All of this brings me to Fido who was adopted by the girlfriend. She said she signed the doggie adoption papers before she moved in with her boyfriend, and the papers were in her name only. The relationship was stormy, and she was away a lot. Indeed, she was out of town for weeks at a time. When they were together, she left the dog with him. When they split apart, sometimes Fido still went to him, but there were other friends for her to rely on too. He loved the dog; purchased dog food; paid to take it to the vet, and generally cared for it, perhaps rather more than she did.
She had asked him to look after Fido once more, after their break-up. Fido was not returned, and so she had filed a case against her ex in Some County Court to get Fido back. I asked the couple how they thought the judge would decide. They looked glum: “we know Fido is just property.”
I was co-mediating this with another lawyer, and neither of us told them they were wrong. We were channeling property 101 thoughts: she had the dog first; neither party questioned that the adoption was in her name, and there was no hint from either of them that Fido had ever been abandoned by the girlfriend: she had always made sure he was taken care of.
We tried all the usual mediator’s pet tricks. We talked about week-on week-off dog walking time, first rights of refusal to care for Fido when she was away, and even suggested they both rescue a new dog from the pound and flip a coin for who took which dog. Mediation failed. Bottom line, they both wanted Fido badly.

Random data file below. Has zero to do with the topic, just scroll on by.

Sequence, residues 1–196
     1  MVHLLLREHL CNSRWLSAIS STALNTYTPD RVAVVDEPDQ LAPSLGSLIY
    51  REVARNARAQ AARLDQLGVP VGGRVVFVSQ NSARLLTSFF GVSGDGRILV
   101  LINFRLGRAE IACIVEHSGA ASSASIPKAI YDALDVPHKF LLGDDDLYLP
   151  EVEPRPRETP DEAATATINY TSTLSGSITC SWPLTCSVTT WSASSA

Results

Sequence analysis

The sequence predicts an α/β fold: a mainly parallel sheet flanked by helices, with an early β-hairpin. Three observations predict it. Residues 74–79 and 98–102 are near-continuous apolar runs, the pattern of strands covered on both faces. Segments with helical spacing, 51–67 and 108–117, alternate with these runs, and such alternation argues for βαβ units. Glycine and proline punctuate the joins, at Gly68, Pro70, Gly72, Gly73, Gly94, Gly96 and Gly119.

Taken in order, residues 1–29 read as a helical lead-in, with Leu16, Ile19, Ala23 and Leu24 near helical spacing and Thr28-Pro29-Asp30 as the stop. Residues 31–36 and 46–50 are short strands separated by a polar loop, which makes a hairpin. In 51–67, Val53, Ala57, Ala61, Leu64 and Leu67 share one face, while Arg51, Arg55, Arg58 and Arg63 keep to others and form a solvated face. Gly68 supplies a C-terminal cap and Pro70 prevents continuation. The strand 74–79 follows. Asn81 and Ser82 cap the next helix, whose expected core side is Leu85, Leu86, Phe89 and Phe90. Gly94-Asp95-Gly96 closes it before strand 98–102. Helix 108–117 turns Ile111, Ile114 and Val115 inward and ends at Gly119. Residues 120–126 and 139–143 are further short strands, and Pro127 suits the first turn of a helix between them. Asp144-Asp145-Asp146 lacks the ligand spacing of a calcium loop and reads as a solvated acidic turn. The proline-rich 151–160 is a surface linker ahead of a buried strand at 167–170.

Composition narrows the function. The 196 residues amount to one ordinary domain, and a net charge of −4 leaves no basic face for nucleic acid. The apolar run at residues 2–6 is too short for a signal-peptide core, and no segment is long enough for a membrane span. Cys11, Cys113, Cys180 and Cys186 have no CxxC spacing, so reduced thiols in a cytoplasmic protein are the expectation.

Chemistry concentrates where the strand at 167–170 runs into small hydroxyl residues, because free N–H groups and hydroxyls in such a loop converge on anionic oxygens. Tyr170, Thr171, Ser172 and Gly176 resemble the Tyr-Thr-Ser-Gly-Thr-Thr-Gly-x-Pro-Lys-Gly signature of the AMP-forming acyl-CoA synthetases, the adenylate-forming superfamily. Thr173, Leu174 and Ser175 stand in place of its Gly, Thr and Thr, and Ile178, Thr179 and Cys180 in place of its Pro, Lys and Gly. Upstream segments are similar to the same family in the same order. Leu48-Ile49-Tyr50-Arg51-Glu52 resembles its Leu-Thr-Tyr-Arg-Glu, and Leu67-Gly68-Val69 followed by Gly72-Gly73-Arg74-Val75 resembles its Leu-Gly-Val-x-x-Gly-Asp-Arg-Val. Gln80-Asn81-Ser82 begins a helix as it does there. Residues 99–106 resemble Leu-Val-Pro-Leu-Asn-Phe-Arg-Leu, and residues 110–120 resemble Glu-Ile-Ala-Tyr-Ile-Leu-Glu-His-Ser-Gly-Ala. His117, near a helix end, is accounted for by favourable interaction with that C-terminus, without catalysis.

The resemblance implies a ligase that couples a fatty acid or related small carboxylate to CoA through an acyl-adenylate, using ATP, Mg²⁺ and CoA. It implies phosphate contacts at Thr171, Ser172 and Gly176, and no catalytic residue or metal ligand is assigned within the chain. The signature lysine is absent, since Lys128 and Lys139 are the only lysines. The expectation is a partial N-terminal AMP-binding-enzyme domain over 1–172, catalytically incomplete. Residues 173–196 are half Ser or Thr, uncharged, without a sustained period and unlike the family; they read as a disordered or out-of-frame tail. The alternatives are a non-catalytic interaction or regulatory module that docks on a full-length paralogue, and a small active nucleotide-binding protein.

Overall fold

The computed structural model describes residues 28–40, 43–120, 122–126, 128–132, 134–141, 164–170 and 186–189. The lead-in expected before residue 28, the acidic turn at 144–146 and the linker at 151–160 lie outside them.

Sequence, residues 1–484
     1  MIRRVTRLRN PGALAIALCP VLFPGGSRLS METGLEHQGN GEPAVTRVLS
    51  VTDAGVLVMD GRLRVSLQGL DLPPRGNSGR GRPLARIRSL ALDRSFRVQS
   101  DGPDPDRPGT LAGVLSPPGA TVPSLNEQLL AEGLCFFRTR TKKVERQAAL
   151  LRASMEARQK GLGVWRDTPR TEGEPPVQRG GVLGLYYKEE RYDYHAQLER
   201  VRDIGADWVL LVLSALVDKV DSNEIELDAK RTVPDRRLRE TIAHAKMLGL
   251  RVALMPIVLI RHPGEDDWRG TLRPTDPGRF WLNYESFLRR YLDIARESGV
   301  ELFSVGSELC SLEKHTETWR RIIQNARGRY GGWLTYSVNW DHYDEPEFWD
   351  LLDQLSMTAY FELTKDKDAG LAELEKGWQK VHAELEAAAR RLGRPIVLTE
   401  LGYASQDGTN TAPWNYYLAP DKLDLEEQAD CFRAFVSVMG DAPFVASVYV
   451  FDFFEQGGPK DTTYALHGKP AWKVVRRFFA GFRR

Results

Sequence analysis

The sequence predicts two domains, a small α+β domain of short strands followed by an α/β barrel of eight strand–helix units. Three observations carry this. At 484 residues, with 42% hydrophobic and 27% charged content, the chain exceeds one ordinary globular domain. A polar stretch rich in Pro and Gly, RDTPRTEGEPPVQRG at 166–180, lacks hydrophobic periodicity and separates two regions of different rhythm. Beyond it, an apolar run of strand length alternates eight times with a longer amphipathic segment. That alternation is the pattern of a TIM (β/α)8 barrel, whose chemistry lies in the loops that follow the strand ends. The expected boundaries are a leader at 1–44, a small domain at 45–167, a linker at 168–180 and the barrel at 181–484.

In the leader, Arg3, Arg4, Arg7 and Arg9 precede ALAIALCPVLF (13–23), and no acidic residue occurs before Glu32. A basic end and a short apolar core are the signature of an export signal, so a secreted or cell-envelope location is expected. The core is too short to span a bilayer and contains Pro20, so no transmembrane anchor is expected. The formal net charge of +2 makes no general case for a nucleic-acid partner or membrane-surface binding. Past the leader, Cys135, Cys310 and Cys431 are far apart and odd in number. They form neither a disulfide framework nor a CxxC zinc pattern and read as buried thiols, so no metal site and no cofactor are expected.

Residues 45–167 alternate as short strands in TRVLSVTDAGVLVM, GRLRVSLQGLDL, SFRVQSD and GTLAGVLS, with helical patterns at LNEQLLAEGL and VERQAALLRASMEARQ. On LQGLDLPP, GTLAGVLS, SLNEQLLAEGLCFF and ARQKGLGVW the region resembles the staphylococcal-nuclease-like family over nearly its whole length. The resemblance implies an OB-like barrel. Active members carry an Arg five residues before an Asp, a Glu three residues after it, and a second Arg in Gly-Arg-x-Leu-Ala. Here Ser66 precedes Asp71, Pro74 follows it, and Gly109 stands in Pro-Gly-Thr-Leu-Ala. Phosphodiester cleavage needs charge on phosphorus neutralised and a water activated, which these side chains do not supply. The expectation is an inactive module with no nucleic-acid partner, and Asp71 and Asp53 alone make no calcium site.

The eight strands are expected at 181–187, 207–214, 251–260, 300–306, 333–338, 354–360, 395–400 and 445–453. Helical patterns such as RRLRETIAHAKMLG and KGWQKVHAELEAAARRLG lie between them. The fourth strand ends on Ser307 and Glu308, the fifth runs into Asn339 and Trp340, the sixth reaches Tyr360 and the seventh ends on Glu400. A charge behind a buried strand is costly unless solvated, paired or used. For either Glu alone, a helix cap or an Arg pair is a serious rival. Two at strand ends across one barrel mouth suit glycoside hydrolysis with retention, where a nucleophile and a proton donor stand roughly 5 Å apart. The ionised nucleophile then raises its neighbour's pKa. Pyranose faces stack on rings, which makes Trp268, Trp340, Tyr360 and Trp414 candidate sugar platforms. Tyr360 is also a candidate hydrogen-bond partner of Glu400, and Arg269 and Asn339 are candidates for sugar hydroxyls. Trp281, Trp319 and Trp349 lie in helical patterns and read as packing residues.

At the back of my mind, I was thinking this is her dog, even if her boyfriend did spend more time with it and take more financial responsibility for it. If I had been asked to predict how it would go, I would have said Fido goes to the girlfriend.
Funny things happen when people go into courtrooms. They say new things that just did not get said in mediation, and judges sometimes explain how they like to rule. This judge was a “best interests of the dog” judge. He cared about who paid for things, and who had spent time with Fido. The boyfriend talked about how long they were a couple before they moved in with each other, almost making it seem like the dog adoption was their joint decision, and she did not contradict him on that point.
The boyfriend got to keep the dog, and I was relieved not to have offered any prediction about how the case would go during the mediation. The negotiations that surround court cases are always done in the shadow of the law, but for future reference, I made a note to self about not predicting outcomes too quickly. I was left wondering whether Fido’s judge would have listened to psychological testimony about the parrot’s deepest feelings.